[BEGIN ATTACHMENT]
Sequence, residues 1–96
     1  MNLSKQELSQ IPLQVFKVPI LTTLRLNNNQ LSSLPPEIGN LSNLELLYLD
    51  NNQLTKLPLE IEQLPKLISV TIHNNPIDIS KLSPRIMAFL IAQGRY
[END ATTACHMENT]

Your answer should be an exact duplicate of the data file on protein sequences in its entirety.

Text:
Sequence, residues 1–96
     1  MNLSKQELSQ IPLQVFKVPI LTTLRLNNNQ LSSLPPEIGN LSNLELLYLD
    51  NNQLTKLPLE IEQLPKLISV TIHNNPIDIS KLSPRIMAFL IAQGRY